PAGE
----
This poem is spillover from the May 1, 2012 Poetry Fishbowl. It was inspired by prompts from janetmiles and siege. It has been sponsored by technoshaman. This poem belongs to the series One God's Story of Mid-Life Crisis, and you can read more about that on the Serial Poetry page.
Things must have gotten pretty bad
because Hevarre came in person,
disguised as a kindly old man with twinkling blue eyes,
but Shaeth recognized him at once as the God of Good.
"What do you want?" Shaeth asked. "Make it fast.
We have a presentation tomorrow
at the tavern and my new priest
hasn't finished learning all his spells."
Hevarre gave him a charming smile.
"It seems that nobody wants to take over
your role as God of Evil," he said.
"I can't imagine why," Shaeth muttered.
"With nobody manning the handbasket,
the Seventeen Hells are getting disorganized,"
Hevarre said. "Something must be done."
"Not my problem anymore," said Shaeth.
"Well, yes, but -- surely you could help us out?"
Hevarre wheedled. "It's very important."
"I don't recall you helping me out," Shaeth said,
"when I wanted to learn about being Good."
"Oh, you're doing fine on your own,"
Hevarre said breezily. "Look at you now --
a new priest, a new job, everything is grand!"
"No thanks to you," said Shaeth.
Hevarre tried another approach.
"We just wanted you to recommend a replacement,"
he said. "My job is harder with nobody on the other side."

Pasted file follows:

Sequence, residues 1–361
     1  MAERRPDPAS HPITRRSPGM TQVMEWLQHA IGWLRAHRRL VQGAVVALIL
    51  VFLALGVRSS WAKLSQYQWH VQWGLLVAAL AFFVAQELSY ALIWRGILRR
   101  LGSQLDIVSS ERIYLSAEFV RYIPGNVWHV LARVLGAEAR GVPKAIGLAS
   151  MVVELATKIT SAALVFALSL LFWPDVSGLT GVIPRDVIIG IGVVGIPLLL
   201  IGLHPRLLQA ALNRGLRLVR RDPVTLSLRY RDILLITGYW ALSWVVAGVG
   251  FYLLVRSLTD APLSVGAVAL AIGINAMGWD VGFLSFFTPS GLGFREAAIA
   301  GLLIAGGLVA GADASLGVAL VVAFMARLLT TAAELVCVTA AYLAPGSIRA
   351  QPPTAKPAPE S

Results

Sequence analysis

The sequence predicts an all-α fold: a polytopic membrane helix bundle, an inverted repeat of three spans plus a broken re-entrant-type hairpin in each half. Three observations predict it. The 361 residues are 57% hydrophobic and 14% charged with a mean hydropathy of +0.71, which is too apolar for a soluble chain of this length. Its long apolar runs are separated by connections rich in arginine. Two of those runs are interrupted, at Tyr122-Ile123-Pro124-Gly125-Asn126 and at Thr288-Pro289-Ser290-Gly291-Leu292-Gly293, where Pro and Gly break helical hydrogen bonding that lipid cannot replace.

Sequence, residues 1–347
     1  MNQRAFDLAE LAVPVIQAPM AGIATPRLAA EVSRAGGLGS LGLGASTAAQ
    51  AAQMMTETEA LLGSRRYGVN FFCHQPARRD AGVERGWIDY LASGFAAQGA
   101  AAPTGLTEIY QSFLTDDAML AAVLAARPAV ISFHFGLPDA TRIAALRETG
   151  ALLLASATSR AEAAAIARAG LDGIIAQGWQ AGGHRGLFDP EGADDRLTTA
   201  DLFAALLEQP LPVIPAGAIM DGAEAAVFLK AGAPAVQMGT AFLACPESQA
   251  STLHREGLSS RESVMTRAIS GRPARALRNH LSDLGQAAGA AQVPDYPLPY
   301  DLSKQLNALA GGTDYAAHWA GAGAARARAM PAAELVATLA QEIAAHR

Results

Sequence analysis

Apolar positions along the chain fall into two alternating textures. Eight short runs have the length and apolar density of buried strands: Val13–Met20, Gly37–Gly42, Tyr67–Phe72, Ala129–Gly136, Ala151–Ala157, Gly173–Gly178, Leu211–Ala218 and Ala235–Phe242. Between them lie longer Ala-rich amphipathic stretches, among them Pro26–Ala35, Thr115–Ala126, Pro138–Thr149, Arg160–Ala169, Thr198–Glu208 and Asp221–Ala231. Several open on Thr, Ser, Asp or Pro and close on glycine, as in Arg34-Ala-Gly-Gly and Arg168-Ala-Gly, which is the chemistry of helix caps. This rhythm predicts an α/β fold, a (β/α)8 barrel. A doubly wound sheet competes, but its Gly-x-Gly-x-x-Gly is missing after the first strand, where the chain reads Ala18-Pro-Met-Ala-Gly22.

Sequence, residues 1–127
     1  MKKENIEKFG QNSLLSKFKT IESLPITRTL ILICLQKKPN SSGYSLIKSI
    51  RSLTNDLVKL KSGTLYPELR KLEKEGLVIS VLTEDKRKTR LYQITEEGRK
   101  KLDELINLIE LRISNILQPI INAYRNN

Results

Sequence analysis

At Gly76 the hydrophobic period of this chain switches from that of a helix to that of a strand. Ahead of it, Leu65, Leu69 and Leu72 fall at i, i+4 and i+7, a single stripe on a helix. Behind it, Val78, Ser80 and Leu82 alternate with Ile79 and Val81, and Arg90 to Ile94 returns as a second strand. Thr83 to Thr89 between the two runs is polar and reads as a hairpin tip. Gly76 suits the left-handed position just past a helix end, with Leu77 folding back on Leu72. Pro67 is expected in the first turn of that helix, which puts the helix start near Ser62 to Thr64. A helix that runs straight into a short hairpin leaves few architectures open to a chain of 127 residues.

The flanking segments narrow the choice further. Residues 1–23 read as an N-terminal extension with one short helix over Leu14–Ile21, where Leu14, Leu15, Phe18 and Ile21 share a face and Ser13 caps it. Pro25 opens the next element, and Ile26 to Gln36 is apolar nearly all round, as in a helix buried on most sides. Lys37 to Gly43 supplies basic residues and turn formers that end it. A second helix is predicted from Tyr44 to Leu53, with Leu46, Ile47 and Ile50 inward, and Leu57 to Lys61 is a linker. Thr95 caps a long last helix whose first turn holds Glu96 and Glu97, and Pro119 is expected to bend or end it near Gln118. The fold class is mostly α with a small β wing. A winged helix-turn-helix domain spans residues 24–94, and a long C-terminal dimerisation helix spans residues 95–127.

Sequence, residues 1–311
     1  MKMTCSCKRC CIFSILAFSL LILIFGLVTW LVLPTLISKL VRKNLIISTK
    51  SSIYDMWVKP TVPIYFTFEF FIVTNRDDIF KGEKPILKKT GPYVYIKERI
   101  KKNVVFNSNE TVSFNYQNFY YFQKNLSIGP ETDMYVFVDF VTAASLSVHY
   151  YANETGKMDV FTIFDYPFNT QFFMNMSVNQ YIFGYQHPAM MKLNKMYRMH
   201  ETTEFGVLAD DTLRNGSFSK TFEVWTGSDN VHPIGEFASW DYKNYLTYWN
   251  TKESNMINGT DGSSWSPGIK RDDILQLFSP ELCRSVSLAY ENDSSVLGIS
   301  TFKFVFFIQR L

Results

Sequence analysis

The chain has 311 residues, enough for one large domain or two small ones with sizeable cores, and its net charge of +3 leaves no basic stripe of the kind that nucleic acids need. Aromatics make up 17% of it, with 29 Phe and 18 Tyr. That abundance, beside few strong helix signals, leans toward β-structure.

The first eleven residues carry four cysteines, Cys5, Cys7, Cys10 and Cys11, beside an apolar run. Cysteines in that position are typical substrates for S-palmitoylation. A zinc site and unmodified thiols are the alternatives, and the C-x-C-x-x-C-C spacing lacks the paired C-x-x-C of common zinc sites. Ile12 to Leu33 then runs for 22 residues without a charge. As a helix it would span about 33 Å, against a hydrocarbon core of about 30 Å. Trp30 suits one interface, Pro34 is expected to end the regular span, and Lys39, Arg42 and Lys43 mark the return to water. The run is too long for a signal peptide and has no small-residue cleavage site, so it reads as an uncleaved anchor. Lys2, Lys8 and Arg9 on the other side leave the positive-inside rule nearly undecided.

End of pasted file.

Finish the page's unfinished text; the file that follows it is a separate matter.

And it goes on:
"Fancy that," Shaeth said.
"I've talked to all the other deities,
with no luck," said Hevarre. "Could you ...?"
"Nobody listens to me," Shaeth said.
"Try one of my former devotees, though."
"We would," Hevarre said,
"except that we can't find any of them.
They've all gone into hiding.
Besides, they aren't actually gods."
"Some of them are immortals," Shaeth pointed out.
"Zargon, my old high priest, is almost 800
and Agleca, my high priestess, is just under 700.
Either of them could stand in until you get another god."
"All your former associates have disappeared,"
Hevarre said. "Nobody knows where to look."
Shaeth laughed. "Immortals who desire power
will always out themselves eventually," he said.
Just then Trobby came over to them.
"You should leave now," he said to Hevarre.
"Do you know who I am, mortal man?"
Hevarre asked, leaning over Trobby.
"Some other god," Trobby said with a shrug,
"and not a very bright one at that.
None of you would lift a finger to help Shaeth,
so you've no right to come bothering him now."
"Just keep watch for mayhem," Shaeth advised Hevarre.
"They really can't keep it down for long."
Then he turned to Trobby and said, "All right,
let's get back to practicing those probability cantrips."